The 2008 Michener Award finalists talk about their award winning stories and the people who helped make them happen – Michener Awards Ceremony, June 10, 2009.
An 18-month investigation by the weekly newspaper resulted in the publication of a shocking report of misuse of public funds, illegal political contributions, non-approved and non-verified expense allowances and suspicious international missions by the CEGEP of Saint-Hyacinthe. The investigation triggered an investigation by the Auditor General of Quebec and recommendations for improved governance at CEGEPs.
Your Excellencies, Madam Chief Justice, Mr. Humphreys (President of the Michener Award Foundation), Finalists, Ladies and Gentlemen.
June 10th 2009 is a great day in the long and rich history of Le Courrier de Saint-Hyacinthe, the preeminent French-language newspaper in North America, founded in 1853. It is with great pride that our seven journalists – yes only seven – accept this nomination for the prestigious 2008 Michener Award.
Our journalistic investigation, initiated in the fall of 2006 and carried out in a climate of intimidation, that included being served with legal notices on three occasions, and culminated in the release of an explosive special report entitled: Le Cégep de tous les excès (A CEGEP where excess reigns supreme). We were able to reveal such excesses as wasteful spending of public funds, illegal political contributions, fake agencies, unaudited extravagant expense accounts, and suspicious international transactions.
Locally, over the course of our 18-month investigation, these revelations resulted in the executive director’s resignation, the dismissal of the Student Office’s director and the early retirement of the International Liaison Bureau’s director at the CEGEP of Saint-Hyacinthe. In Quebec, our investigation raised a good many questions about public administration and the rules of governance in place at public colleges across the province.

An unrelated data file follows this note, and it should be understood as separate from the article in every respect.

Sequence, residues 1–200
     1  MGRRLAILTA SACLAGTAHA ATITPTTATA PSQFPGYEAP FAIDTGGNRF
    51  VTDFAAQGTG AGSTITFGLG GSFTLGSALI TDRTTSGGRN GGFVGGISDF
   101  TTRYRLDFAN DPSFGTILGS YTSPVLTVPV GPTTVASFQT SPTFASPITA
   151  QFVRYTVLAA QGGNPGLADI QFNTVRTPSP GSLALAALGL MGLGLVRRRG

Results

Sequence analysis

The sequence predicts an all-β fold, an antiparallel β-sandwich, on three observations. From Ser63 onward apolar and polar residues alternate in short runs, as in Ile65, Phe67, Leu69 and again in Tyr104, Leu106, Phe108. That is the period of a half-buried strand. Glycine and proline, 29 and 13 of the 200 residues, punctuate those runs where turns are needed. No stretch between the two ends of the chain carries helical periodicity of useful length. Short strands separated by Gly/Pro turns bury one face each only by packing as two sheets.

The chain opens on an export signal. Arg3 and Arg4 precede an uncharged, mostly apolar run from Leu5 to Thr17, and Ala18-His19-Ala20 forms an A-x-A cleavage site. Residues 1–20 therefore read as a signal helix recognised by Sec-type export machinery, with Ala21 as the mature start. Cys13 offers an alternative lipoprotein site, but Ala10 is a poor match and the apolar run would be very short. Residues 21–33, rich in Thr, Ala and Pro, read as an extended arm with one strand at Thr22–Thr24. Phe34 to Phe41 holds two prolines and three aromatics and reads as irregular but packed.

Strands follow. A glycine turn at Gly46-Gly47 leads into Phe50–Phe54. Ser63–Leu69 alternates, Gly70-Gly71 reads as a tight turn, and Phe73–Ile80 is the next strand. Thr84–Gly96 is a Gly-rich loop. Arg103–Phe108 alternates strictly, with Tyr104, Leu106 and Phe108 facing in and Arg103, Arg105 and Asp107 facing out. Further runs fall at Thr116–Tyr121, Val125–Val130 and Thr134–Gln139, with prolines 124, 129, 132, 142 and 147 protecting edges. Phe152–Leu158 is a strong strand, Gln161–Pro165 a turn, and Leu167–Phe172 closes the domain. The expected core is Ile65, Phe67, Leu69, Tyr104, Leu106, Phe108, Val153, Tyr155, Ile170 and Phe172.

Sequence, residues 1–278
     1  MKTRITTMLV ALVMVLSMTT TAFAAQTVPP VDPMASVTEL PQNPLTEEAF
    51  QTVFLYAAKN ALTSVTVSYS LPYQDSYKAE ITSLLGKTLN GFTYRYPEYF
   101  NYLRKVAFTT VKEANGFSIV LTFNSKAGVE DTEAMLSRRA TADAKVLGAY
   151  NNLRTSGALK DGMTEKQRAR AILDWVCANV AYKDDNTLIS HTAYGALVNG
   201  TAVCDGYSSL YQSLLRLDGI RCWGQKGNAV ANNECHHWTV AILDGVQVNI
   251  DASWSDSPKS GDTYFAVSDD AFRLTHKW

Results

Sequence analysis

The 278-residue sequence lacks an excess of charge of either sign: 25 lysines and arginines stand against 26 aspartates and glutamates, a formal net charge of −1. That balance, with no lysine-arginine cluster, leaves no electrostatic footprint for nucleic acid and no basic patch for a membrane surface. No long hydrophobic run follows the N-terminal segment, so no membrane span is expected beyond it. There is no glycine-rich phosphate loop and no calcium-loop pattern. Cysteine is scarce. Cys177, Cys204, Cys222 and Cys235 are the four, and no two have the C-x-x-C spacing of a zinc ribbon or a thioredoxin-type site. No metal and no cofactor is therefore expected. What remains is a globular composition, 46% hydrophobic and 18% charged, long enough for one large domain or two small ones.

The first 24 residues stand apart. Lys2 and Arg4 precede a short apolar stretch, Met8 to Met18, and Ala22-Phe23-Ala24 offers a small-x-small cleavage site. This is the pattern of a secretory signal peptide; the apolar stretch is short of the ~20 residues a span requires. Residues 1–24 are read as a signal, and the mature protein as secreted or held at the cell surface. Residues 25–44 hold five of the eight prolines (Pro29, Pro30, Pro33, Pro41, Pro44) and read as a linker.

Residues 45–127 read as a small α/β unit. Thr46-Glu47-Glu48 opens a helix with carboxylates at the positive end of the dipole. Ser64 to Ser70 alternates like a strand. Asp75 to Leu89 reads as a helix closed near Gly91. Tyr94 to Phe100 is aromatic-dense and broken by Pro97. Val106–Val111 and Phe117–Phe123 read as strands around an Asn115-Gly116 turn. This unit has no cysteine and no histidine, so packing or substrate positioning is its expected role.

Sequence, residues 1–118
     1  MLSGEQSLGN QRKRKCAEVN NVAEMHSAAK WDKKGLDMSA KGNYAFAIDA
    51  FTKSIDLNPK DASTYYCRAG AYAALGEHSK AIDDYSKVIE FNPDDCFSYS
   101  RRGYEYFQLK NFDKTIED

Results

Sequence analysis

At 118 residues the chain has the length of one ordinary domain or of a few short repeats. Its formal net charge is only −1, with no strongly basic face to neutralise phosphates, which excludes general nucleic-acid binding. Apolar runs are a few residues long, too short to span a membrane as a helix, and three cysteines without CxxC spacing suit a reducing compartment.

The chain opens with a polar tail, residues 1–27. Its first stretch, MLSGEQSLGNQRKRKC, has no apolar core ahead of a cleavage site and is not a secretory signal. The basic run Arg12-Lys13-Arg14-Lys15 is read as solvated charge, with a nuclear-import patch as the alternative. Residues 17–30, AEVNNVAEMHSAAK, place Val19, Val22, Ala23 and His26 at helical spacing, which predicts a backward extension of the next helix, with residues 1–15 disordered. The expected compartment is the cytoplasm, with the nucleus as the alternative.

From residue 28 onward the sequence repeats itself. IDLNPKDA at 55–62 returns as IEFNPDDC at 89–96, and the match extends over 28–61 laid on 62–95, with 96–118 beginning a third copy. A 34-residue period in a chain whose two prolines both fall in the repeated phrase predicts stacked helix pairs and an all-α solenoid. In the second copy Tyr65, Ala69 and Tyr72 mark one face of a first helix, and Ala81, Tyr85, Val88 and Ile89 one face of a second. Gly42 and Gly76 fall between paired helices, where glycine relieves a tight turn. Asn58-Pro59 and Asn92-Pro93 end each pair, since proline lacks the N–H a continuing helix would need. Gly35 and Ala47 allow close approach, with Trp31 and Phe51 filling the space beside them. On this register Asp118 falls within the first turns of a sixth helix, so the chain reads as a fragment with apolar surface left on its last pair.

Inspired by the Courrier’s reports, Renaud Lachance, the Quebec Auditor General, conducted an in-depth review of related party business relationships at all CEGEPs in Quebec. An entire chapter of the 2008-2009 Report of the Auditor General of Quebec, tabled in the National Assembly, was devoted to the Auditor General’s findings and recommendations.
Mr. Lachance certainly underscored the quality of our work. I quote: “As a result of your articles, many people opened their eyes and changes were made in control and auditing measures.”
The Government of Quebec, through the Minister of Education, followed up on our investigation and the Auditor General’s concerns by tabling Bill 110 to amend the General and Vocational Colleges Act with respect to governance. Among other things, Bill 110 seeks to increase the transparency of colleges and the accountability of their boards.
As you can appreciate, our reports clearly had a significant impact on the public good. It’s not every day that a regional weekly newspaper publishes special reports that have such a far-reaching impact, up to and including an intervention by the Chief Electoral Officer, the Auditor General and the Minister the Education with the tabling of a bill. That is exactly the feat we accomplished despite extremely limited resources.
Finally, I would like to thank the judges of the Michener Awards for this recognition that goes straight to my heart. I wish the best of luck to all the finalists who work in the defense of the public interest. For me, there are only winners here tonight.
Michener Awards Ceremony
June 10, 2009